Saudi Arabia launches austerity drive to cut public spending Guardian

Big Brother is Watching You Watch

Your next car will be hacked. Will autonomous vehicles be worth it? Guardian

DOJ’s Clear Threat to Go After Apple’s Source Code Marcy Wheeler

Trade Traitors

USA uses TPP-like trade-court to kill massive Indian solar project / Boing Boing. Reported earlier, but in case you missed it…


The Trump Campaign Gives License to Violence New York Times. Editorial.

Trump Concerned His Rallies Are Not Violent Enough Intercept

From Wallace To Trump, The Evolution of “Law And Order” FiveThirtyEight

Speaker at Trump Event: Try Christianity, Bernie New York Magazine

hat President Trump’s Foreign-Poicy Team Might Look Like American Conservative (resilc)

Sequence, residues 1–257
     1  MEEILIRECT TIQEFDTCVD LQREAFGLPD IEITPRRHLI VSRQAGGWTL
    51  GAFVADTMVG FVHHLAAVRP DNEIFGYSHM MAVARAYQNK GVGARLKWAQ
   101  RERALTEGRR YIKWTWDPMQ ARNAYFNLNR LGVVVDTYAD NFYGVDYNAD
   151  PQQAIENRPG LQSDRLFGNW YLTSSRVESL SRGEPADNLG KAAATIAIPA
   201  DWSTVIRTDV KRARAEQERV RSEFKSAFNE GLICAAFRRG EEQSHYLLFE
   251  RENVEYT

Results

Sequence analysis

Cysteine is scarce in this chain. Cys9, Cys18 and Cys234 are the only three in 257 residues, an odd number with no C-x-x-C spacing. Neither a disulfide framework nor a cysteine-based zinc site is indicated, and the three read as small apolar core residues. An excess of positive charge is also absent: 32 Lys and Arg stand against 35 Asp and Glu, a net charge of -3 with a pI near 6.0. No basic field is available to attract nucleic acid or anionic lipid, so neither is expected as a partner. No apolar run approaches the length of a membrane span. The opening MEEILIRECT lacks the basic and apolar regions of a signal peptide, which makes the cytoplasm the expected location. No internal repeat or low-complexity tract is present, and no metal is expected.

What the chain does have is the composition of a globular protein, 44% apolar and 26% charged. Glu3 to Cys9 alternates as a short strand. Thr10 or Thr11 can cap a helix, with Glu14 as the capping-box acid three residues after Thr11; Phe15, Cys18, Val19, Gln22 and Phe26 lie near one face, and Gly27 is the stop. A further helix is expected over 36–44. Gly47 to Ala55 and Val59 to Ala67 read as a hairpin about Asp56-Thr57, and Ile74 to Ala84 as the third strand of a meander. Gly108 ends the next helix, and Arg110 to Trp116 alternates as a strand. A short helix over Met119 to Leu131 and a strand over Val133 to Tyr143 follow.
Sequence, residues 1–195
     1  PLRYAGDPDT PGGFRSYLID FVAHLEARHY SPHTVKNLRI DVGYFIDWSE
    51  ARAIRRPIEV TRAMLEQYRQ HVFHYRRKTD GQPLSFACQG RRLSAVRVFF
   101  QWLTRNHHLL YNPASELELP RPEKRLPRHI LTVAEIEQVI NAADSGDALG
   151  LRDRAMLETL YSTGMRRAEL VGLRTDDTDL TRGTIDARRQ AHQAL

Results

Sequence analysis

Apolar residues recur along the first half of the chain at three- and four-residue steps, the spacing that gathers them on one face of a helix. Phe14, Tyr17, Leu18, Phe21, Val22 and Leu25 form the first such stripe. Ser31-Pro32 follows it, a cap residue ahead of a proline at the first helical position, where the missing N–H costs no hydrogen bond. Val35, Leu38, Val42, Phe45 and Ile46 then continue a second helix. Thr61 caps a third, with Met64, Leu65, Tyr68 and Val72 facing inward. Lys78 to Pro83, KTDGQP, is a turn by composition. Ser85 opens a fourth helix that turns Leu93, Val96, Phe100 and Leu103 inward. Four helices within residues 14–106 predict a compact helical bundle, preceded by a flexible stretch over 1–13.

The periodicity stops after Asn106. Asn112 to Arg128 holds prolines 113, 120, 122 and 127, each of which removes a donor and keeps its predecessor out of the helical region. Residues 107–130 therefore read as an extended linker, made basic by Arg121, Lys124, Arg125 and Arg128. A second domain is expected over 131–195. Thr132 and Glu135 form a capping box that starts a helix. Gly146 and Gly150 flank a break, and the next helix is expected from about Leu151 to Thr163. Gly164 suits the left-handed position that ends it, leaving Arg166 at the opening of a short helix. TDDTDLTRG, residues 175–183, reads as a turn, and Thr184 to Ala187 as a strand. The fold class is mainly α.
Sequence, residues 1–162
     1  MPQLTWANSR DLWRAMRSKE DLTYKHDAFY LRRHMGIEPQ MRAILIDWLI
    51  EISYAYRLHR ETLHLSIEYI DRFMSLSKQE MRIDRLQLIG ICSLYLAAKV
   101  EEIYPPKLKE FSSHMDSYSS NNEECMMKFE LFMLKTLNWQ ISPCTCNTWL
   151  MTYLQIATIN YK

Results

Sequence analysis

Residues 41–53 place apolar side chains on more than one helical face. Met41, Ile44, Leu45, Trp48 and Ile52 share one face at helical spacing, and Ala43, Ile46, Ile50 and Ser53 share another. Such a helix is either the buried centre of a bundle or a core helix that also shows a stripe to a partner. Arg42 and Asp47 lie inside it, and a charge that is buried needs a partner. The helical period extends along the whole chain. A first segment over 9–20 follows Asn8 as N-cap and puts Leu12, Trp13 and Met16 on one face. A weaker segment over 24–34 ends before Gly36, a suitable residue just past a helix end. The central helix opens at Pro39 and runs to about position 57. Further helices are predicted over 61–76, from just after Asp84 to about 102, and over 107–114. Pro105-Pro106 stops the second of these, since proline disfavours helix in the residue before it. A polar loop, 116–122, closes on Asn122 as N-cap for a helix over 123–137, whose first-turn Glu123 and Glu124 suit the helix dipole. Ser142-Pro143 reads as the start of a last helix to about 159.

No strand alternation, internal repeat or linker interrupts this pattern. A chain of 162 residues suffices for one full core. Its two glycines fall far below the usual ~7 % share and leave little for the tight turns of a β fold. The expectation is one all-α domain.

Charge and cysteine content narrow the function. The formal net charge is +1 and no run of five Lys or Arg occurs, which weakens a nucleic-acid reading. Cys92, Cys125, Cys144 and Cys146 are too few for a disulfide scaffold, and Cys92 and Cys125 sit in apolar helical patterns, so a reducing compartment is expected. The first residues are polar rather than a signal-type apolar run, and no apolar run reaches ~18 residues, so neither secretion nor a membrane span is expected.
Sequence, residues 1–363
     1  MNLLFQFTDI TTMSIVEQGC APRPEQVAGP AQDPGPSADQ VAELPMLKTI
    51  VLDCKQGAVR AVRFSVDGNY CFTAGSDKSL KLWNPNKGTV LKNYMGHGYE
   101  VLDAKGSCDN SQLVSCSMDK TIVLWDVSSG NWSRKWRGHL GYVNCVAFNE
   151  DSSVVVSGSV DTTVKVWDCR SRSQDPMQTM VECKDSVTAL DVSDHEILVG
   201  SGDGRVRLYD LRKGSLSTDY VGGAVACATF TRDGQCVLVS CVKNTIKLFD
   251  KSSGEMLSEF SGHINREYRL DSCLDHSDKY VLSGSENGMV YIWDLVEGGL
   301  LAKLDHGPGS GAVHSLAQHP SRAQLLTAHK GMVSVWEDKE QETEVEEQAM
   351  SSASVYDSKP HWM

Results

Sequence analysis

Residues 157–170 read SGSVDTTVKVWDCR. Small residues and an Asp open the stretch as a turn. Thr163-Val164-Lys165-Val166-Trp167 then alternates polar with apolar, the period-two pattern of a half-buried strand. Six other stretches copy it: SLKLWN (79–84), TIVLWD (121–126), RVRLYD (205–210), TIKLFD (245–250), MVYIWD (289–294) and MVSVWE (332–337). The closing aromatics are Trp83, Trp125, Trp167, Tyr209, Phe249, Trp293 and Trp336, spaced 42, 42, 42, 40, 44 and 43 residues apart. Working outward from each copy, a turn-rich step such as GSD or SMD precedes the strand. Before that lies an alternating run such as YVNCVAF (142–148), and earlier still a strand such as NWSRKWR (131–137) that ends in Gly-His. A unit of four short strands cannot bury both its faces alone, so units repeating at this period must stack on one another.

Breitbart News in Turmoil, and Trump is the Cause New York Times

What America’s Prisoners Think of Donald Trump Vice (resilc)

Donald Trump’s Case for Big Government Atlantic

The Many, Many Reasons Republican Senators Can’t Stand Ted Cruz Bloomberg

Which Side Are You On, Hillary? New York Times. From two days ago. Deadly. Key quote:

A 2013 paper by Mr. Scott’s colleague at E.P.I., Josh Bivens, found that, on average, noncollege-educated American workers, the people who make up roughly 70 percent of the labor force, lose nearly $2,000 a year in wages owing to the growth of trade with low-wage countries promoted by free-trade agreements.

Hillary Clinton Has Long History of Collaboration with GOP on Foreign Policy Intercept

Theranos CEO Elizabeth Holmes Is Holding a Hillary Fundraiser With Chelsea Clinton re/code (Marshall)

Exposing the Libyan Agenda: a Closer Look at Hillary’s Emails Counterpunch

Another Major Union Just Endorsed Bernie Sanders Huffington Post (martha r)

Obama’s prisoner clemency plan faltering as cases pile up Reuters (EM)

Justice Dept. Condemns Profit-Minded Court Policies Targeting the Poor New York Times